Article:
• Some seven in ten users of snus suffer oral leukoplakia, a predominantly white lesion of the oral mucosa.
  • In addition, lovers of oral tobacco have as much as a nine-fold higher risk of gum atrophy.

Until now no significant correlation has been able to be found between snus consumption and oesophageal carcinoma. One study, investigating the product naswar, shows that the situation is not the same for all tobacco products used orally. Naswar is a mixture of tobacco leaves, ash, slaked lime and diverse aromatic substances which is placed in the cheeks of the mouth. According to the study looking at people who have the disease and who use the green powder or paste, users suffer from oesophageal cancer some twenty times more often than non-consumers.

A case-control study confirmed the suspicion that the consumption of naswar elevates the risk of oesophageal cancer. The reason for this result, according to Hajo Zeeb, head of the section for Prevention and Assessment at Leibniz-Institute for Prevention Studies and Epidemiology, is that naswar carries a relatively high proportion of harmful tobacco-specific nitrosamine combined with a high nicotine content. “The presence of a lot of nicotine, which is addictive, induces consumers to reach for the harmful product more often”. What’s more, the slaked lime which is released increases pH levels, bringing them into the alkaline range, which also enhances the release and uptake of nicotine. The alkaline pH levels however also damage the oral mucosa, in this way creating lesions in tissue, which are always a risk factor for cancer. There is no lime contained in snus”. The ash in naswar in addition contains heavy metals, which further raise toxicity.

Snusing: anything other than healthy

Already 10 years ago scientists at the Karolinska-Institute [Paywall] found out that snus-consumers contract pancreatic tumours about twice as often as people who do not consume it. In addition snusers developed diabetes mellitus more frequently. Scientists [Paywall] at Umeå University in Umeå and at Karolinska Institute have therefore analysed five separate studies involving almost 55,000 participants. The outcome: for people with very high consumption habit of seven snus-boxes each containing 20 sachets per week, the risk of diabetes is elevated by 70 %. With consumption of five to six boxes per week (each containing 20 sachets) the likelihood of the illness rises by 40 %. The blame for this, according to the authors, lies with nicotine, which inhibits insulin sensitivity and promotes the release of cortisol, something which can lead to insulin resistance.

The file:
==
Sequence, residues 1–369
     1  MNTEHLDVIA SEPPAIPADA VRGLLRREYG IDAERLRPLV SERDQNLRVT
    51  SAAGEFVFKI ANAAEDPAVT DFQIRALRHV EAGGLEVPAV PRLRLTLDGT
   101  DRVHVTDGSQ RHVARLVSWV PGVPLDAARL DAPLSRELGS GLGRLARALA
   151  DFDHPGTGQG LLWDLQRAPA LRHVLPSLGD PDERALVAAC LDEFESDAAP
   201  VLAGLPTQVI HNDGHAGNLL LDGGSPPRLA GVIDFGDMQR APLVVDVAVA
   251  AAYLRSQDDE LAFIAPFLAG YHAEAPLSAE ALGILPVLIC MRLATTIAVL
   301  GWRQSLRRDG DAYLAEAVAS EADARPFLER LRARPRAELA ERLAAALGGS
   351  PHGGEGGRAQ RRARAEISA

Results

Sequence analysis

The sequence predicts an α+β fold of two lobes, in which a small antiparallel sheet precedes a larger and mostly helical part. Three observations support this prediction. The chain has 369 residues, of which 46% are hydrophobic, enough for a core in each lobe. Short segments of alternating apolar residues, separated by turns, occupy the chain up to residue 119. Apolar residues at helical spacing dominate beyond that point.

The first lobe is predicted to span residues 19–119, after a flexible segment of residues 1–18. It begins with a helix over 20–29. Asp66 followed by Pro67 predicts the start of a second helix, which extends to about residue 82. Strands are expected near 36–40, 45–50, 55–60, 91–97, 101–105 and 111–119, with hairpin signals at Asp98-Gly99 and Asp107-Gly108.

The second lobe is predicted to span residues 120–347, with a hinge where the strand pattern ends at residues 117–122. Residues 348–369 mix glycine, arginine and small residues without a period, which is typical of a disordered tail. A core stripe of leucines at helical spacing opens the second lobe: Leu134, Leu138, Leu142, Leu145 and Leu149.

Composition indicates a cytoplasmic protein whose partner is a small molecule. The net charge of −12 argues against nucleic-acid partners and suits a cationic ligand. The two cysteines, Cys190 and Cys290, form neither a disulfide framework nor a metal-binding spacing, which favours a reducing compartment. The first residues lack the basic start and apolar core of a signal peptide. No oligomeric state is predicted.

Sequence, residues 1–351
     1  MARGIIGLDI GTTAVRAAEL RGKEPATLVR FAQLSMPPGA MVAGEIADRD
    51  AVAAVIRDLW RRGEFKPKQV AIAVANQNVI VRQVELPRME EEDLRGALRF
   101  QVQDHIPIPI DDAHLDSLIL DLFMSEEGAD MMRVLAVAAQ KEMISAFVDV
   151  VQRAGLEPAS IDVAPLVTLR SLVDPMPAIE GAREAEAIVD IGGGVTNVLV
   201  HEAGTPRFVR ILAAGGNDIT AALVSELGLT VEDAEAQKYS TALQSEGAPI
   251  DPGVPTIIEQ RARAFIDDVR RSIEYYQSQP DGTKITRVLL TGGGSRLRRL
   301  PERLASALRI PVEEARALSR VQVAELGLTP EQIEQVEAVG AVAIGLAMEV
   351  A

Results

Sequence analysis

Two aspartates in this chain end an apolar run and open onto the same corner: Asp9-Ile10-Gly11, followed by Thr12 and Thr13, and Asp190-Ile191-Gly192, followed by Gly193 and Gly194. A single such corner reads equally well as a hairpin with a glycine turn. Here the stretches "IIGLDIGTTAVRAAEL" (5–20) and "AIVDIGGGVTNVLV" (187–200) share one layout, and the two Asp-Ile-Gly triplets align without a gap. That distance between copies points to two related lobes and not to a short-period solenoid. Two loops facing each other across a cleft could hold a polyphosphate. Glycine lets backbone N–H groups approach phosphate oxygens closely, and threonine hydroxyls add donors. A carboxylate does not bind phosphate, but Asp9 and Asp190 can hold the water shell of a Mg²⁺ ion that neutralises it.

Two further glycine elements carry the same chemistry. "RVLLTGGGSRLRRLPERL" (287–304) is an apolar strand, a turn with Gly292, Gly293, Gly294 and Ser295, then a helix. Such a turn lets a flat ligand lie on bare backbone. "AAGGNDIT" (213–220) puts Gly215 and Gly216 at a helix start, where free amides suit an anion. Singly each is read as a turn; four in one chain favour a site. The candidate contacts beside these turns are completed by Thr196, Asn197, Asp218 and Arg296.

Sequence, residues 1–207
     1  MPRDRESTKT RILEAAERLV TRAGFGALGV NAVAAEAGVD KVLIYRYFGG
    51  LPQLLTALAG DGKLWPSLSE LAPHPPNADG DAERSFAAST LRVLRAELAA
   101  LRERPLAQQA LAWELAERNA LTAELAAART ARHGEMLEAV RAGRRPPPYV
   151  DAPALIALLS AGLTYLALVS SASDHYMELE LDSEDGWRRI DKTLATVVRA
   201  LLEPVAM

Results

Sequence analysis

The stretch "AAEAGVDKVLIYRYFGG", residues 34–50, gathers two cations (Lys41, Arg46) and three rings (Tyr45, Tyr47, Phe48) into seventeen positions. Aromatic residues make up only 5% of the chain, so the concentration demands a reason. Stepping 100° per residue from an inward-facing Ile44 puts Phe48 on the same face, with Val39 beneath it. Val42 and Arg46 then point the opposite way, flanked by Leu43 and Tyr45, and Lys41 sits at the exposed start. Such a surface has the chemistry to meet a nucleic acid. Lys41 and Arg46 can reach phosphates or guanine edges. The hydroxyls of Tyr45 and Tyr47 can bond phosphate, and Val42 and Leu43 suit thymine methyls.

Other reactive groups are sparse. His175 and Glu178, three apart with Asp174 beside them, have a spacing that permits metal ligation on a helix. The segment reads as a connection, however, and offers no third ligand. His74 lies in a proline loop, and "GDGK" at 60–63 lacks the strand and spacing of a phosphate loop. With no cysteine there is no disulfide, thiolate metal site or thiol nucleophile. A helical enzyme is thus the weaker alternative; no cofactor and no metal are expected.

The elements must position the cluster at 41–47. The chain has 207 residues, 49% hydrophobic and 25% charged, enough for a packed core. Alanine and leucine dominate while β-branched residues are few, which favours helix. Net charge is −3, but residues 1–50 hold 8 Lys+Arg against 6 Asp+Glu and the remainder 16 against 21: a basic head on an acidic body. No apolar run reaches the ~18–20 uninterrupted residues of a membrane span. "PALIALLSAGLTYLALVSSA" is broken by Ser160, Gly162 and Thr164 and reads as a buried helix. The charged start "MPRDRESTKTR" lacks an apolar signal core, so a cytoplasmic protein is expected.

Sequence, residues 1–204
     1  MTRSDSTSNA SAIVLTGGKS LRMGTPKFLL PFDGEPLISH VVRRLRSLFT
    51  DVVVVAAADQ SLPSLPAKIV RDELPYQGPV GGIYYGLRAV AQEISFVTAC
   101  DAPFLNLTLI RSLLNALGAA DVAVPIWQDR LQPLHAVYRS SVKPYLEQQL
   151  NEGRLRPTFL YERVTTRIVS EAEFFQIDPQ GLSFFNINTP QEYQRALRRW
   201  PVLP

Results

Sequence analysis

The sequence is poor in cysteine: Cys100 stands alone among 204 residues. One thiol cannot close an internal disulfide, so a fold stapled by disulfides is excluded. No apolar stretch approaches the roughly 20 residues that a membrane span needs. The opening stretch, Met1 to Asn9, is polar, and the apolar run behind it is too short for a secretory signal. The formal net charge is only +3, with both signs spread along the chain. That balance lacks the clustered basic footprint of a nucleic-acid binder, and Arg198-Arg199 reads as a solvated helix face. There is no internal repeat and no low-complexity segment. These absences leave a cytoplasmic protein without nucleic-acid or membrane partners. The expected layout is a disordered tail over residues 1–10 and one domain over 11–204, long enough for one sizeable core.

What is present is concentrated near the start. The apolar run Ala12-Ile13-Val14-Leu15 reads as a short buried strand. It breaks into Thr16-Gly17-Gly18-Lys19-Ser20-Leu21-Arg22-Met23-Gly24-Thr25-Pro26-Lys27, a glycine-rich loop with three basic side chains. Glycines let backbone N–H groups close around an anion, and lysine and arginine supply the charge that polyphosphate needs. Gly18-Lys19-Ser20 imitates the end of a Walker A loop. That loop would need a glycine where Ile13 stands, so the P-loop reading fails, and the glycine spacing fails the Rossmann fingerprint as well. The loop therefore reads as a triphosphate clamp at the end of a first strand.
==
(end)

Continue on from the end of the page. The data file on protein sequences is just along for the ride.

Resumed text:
The use of snus is believed to even have negative effects on the lungs. According to a study from BMJ Open the snuser’s risk of getting asthma is as much as 50 % higher than for non-consumers. In order to obtain this result, scientists in Sweden and Iceland evaluated questionnaires from 16,000 people who had not smoked but had consumed snus. One weakness of the study: information on how many sachets they used per day was not specified. The scientists’ assumption is that the consumption of snus provokes an inflammation in the upper respiratory tract, which wanders on to the lower region – in a similar way to rhinitis or infection.

Snus as a form of breaking the smoking habit

Proponents at the Global Forum for Nicotine are convinced that snus can help people give up the smoking habit. The German Cancer Research Centre however emphasises: snus is banned in Germany and not approved as a tool for quitting tobacco smoking. As things stand today, no convincing evidence exists showing that smoke-free tobacco products could be helpful in quitting smoking. By employing oral tobacco in the process of quitting smoking, the person attempting to quit would falsely be given the impression that snus is of no concern in terms of health. Moreover, snuffing itself has the potential to become addictive, whereby quitting can be very difficult. Smoke-free tobacco products can therefore at best assist smokers in breaking their smoking habit but they cannot help a person to quit tobacco use.

In addition, the aromatic tobacco sachets act as a starting point of drug use by youth. Consumption in the USA and Sweden has most strongly increased among young men. According to Maja-Lisa Løchen, Professor of Preventive Medicine at the Institute for Public Health at Norway’s Arctic University (UiT) in Tromsø, “snusing” is done in Norway by 10 % of young women and 25 % of young men. Many firms have recognised snusing’s potential and have now initiated specific marketing strategies aimed at young people, especially young women.